(DC, Prod., iii, 217.) Grey Gum.

Systematic. - A large tree, with a dirty looking, smoothish, or friable bark, and rectangular branchlets. Abnormal leaves ovate, lanceolate, often shortly acuminate, 4 to 6 inches long, pale coloured on the underside, sometimes almost oblique, membraneous, margins recurved; venation distinct, oblique, spreading. Normal leaves lanceolate, sometimes oblique, pale on the underside, varying in length and breadth up to 6 inches and 2 inches respectively, thinly coriaceous; venation not pronounced, lateral veins fine, oblique, parallel, intra-marginal vein close to the edge. Peduncles axillary, flattened, under 6 lines long, about six flowers in the umbel. Calyx in the bud stage angular, conical; in the flower stage hemispherical; operculum conical or hemispherical, and much acuminate, under 3 lines long.

Fruit. - Turbinate to hemispherical, pedicel thick, short; rim thick, domed; valves obtuse, well exserted and pale; 4 lines in diameter.

They are quite specific; the dark slightly domed rim is the more common and easily distinguished, but occasionally the rim is truncate, giving the capsule an E. resinifera appearance.

Habitat. - Coast districts of New South Wales and Queensland.

93 Eucalyptus punctata 148

REMARKS. This is one of the best-known trees in the neighbourhood of Sydney, where its common appellation is "Grey Gum." The bark is characteristic, and although classed as smooth, yet is perhaps the dirtiest looking bark to be found amongst the smooth-barks or Gums, in the older trees it becomes dark, rugose, variegated, and exudes manna (H. G. Smith; see Paper in Proc. Roy. Soc, N.S.W., Vol. 31, p. 177), as well as the leaves. The mountain varieties are separated under the varietal names of didyma and major.

ESSENTIAL OIL. -During the months of May and June, 1897, a somewhat extensive investigation was undertaken on the oil of this species, and considerable material distilled, which had been collected from individual trees in various stages of growth. The results with the different samples of oil obtained during that investigation will be found tabulated in a later article. The results of this investigation were first submitted by us to the Royal Society of New South Wales, and are published in the proceedings XXXI, p. 259. All the oils contained similar constituents, and these only varied slightly in amounts, this variation accounting for the slight differences in physical properties. With general material even these slight alterations would be minimised and a closer uniformity in general characters observed. The oil of this species of Eucalyptus was rich in cineol, contained pinene, but phellandrene was absent. Aromadendral was present in small amount in the various samples, but was a little more pronounced in some than in others.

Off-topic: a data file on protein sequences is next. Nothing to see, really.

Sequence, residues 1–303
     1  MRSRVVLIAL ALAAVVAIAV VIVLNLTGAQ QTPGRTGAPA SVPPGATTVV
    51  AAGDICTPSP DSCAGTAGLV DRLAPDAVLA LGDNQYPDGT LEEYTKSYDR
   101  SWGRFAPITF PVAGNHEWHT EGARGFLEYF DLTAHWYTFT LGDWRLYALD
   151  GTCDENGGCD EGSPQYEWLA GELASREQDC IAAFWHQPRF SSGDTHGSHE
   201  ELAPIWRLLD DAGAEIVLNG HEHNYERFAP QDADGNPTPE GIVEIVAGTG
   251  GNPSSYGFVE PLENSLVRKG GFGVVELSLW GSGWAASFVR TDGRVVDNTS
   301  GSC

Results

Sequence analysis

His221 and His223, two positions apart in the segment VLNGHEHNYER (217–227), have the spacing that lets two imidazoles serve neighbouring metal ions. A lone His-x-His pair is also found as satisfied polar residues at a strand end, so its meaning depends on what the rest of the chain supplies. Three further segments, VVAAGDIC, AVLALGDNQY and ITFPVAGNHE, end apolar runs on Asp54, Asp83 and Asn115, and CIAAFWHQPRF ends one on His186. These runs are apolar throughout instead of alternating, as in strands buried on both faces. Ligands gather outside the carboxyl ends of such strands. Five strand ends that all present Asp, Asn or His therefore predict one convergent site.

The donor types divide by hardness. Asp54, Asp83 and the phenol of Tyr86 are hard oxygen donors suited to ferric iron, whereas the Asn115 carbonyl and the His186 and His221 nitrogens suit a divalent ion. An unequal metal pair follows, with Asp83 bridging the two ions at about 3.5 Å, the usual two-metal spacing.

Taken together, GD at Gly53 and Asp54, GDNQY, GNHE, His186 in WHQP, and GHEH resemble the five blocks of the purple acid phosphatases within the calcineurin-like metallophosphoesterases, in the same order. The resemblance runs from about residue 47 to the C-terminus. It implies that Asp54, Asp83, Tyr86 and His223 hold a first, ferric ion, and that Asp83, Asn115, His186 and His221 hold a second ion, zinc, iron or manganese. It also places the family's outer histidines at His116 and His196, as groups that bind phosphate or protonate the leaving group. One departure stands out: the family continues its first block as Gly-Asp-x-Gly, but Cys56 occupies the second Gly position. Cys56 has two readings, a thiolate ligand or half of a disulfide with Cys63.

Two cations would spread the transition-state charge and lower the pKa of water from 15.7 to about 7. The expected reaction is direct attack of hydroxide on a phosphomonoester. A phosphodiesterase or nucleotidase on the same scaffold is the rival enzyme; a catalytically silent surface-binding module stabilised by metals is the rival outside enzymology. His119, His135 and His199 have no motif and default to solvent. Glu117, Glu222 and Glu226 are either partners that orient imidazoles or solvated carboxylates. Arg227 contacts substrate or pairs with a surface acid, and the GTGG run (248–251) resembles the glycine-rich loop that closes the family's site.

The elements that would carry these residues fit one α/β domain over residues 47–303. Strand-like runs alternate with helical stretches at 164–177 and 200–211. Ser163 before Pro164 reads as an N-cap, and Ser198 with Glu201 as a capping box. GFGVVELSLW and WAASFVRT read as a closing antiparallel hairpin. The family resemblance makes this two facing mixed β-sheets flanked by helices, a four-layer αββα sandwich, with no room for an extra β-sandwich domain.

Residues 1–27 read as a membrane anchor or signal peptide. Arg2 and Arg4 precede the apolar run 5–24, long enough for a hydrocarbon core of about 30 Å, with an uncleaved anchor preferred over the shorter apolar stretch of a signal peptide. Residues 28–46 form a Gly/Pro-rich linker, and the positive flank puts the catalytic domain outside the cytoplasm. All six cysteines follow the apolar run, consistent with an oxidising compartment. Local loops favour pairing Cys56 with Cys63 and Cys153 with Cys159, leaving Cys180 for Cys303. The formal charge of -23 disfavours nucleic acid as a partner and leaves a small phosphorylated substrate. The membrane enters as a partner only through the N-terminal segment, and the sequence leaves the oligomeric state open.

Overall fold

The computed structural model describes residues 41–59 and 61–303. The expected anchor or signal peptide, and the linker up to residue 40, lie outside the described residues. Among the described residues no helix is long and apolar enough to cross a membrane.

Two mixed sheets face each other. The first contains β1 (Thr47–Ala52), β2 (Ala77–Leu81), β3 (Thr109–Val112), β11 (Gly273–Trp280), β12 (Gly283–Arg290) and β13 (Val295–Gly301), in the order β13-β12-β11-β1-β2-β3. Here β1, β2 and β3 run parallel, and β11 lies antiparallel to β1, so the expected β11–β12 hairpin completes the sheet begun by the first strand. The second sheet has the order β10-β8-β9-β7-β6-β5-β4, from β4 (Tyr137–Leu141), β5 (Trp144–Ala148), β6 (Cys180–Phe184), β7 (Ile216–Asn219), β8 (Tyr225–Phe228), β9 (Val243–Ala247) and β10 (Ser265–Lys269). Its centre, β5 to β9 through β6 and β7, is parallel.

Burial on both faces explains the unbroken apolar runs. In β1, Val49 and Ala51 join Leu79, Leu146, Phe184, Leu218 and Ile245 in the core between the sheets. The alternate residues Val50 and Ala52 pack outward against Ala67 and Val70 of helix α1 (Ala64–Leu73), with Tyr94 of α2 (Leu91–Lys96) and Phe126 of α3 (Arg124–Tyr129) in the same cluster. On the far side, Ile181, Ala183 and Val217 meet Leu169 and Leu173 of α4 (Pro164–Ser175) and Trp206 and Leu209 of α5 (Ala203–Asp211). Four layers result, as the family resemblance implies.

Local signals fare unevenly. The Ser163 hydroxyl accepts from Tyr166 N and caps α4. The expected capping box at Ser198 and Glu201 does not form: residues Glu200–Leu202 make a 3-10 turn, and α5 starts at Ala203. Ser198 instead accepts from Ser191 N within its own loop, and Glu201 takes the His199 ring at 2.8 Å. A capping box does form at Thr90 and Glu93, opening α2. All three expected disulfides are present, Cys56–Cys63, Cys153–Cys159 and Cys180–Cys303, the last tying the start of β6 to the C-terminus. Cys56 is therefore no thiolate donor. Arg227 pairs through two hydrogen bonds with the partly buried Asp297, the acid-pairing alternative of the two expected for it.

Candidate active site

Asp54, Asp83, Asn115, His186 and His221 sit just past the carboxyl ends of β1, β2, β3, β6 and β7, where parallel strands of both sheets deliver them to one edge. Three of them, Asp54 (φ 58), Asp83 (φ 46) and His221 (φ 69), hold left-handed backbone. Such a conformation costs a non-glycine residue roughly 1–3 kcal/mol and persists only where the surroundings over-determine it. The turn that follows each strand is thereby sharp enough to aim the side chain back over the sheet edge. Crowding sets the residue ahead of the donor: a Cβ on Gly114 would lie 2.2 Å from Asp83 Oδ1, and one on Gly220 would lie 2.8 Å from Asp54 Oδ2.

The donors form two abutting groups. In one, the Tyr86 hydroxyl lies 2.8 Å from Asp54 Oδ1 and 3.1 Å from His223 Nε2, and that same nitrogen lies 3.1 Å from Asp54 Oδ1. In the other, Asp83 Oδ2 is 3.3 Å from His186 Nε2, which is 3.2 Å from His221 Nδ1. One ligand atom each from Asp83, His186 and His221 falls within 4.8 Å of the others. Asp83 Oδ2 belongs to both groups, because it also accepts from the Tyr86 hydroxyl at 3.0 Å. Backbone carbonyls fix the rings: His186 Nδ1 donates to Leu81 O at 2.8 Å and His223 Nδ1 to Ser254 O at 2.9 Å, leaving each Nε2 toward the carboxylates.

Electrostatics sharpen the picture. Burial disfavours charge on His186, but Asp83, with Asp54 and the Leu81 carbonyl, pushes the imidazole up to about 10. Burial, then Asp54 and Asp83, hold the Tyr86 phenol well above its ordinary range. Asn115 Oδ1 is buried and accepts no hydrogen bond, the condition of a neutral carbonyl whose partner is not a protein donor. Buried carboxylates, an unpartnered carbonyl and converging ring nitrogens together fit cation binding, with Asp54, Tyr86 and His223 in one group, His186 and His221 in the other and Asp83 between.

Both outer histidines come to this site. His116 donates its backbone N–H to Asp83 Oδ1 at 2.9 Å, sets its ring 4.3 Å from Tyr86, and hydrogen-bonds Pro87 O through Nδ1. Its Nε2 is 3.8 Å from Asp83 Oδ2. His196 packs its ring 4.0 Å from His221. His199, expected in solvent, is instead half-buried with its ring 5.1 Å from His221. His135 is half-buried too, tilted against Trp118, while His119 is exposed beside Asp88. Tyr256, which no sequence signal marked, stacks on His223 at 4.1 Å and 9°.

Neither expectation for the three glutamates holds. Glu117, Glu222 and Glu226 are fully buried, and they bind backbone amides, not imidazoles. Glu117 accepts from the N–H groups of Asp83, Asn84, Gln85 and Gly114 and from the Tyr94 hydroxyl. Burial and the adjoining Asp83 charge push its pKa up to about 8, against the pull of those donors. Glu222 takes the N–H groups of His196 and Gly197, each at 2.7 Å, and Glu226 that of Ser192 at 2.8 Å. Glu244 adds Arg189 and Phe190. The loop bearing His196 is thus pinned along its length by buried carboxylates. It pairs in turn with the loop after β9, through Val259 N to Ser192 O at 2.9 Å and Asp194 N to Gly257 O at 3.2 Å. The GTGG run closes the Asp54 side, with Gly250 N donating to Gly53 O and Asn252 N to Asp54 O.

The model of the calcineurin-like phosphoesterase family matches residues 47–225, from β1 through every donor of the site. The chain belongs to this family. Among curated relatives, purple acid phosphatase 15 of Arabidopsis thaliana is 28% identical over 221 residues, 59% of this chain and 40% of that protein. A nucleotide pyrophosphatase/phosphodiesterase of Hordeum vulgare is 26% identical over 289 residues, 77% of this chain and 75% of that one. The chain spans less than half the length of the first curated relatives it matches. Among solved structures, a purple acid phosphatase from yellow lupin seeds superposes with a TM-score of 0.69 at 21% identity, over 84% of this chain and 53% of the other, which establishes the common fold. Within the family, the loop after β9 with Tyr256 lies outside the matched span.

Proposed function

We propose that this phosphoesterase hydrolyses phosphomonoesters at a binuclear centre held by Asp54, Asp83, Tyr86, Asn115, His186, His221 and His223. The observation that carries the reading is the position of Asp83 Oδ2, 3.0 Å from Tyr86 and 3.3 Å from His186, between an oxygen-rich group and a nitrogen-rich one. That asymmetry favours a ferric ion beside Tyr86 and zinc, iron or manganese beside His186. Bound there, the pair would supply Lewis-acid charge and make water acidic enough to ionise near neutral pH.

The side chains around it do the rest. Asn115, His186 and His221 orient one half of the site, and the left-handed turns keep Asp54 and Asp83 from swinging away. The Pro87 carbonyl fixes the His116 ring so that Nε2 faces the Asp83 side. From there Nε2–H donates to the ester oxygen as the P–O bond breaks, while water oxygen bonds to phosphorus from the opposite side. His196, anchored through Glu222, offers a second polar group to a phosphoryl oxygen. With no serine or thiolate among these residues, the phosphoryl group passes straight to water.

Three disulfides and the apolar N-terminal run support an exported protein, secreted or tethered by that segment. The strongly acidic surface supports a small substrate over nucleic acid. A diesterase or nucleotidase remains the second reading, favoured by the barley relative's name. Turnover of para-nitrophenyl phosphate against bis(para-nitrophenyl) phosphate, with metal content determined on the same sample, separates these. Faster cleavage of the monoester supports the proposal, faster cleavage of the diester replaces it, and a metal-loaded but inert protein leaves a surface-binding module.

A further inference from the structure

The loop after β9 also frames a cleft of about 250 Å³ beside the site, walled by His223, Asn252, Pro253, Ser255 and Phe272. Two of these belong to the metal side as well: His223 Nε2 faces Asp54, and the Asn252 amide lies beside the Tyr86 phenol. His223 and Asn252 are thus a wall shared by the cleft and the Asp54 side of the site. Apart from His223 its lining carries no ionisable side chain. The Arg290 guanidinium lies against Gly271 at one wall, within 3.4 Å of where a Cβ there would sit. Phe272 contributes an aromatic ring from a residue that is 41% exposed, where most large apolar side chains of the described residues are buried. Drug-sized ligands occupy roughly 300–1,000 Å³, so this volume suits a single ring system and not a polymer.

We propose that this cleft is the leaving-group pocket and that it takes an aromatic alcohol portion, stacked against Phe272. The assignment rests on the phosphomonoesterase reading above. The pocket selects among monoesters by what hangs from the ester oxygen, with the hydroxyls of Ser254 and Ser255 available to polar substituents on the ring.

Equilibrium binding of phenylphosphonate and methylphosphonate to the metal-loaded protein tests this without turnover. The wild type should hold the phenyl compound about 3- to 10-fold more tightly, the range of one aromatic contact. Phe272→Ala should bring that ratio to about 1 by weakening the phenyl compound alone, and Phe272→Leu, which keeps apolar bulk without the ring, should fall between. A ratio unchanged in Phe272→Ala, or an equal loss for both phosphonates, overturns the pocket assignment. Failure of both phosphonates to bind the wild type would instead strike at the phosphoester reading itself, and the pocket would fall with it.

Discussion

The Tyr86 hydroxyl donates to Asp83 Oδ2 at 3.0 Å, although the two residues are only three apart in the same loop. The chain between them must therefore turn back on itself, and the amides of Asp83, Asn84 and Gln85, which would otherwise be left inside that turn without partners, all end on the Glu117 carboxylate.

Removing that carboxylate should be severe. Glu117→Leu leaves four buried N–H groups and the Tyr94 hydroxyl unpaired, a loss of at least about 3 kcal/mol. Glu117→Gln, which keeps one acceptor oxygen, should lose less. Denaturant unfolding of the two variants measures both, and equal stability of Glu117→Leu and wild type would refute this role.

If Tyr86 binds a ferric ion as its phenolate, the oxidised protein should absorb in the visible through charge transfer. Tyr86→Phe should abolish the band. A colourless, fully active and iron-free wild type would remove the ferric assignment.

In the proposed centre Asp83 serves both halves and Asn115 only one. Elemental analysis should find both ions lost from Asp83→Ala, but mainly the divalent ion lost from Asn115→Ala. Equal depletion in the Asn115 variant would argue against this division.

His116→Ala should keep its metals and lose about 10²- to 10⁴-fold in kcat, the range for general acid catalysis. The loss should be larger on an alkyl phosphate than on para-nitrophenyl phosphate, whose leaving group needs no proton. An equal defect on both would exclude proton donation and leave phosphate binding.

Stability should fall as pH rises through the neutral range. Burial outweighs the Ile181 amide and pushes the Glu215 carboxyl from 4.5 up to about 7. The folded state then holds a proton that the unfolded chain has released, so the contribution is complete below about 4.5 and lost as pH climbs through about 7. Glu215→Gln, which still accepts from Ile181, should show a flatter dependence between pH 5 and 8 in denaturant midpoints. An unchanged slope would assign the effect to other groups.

To arrive at the constitution and general character of the oil of this species, equal volumes of the crude oils of all the samples were mixed together, and the resulting product analysed. The mean yield of oil from all the material was 0.8 per cent. This crude mixed oil had specific gravity at 150 C. = 0.9160; rotation aD + 0.85°; refractive index at 200 = 1.4717, and was soluble in 1 1/4 volumes 70 per cent, alcohol. The saponification number for the esters and free acid was 18.8.

On rectification 1 per cent. distilled below 1670 C. (corr.). Between 167-1720, 30 per cent. distilled; between 172-1830, 58 per cent. distilled. These fractions gave the following results: -

First fraction, sp. gr. at 15o C.

=

0.0910;

rotation aD

+

2.15°

Second

"

"

"

=

0.09156;

"

+

1.1°.

The cineol, determined by the phosphoric acid method in the second fraction, was 62 per cent., and in the crude oil 55 per cent. (O.M.).

The rectified oil was slightly tinged yellow, a character usual with the oils of this group, and is apparently due to the influence of the predominant phenol present in these oils.

The material from which the several.oils were distilled was collected from (a) one fair-sized tree; (b) one large tree; (c) abnormal leaves; (d) from a large tree; (e) from old trees mixed; (f) from young trees 20-30 feet high, mixed; (g) from medium trees mixed; (h) from one medium-sized tree; (i) from one very fine tree, the leaves of which were divided into two equal parts and distilled separately. All the above material was collected near Sydney.

The whole of the oils distilled for the above investigation were mixed together, a portion kept in the dark, and in September, 1919, twenty-two years afterwards, this oil was again analysed. It had not altered much during that long period, except that the specific gravity was a little higher, but the cineol apparently had not increased in amount. On rectification 82 per cent, distilled below 1900 C. The crude oil and large fraction gave the following results: -

Crude oil, sp. gr. at 150 C.

=

0.9337; rotation aD + 0.8°; refractive index at 20° = 1.4724.

Large fraction

"

"

=

0.9147; rotation aD + 1.6°; refractive index at 200 = 1.4639.

The cineol was determined by the resorcinol method in the large fraction and calculated for the crude oil; the amount was 65 per cent. By the rapid phosphoric acid method it was 55 per cent., when calculated for the crude oil.

Plate LI

93 Eucalyptus punctata 149

Eucalyptus Punctata. D.C. Grey Gum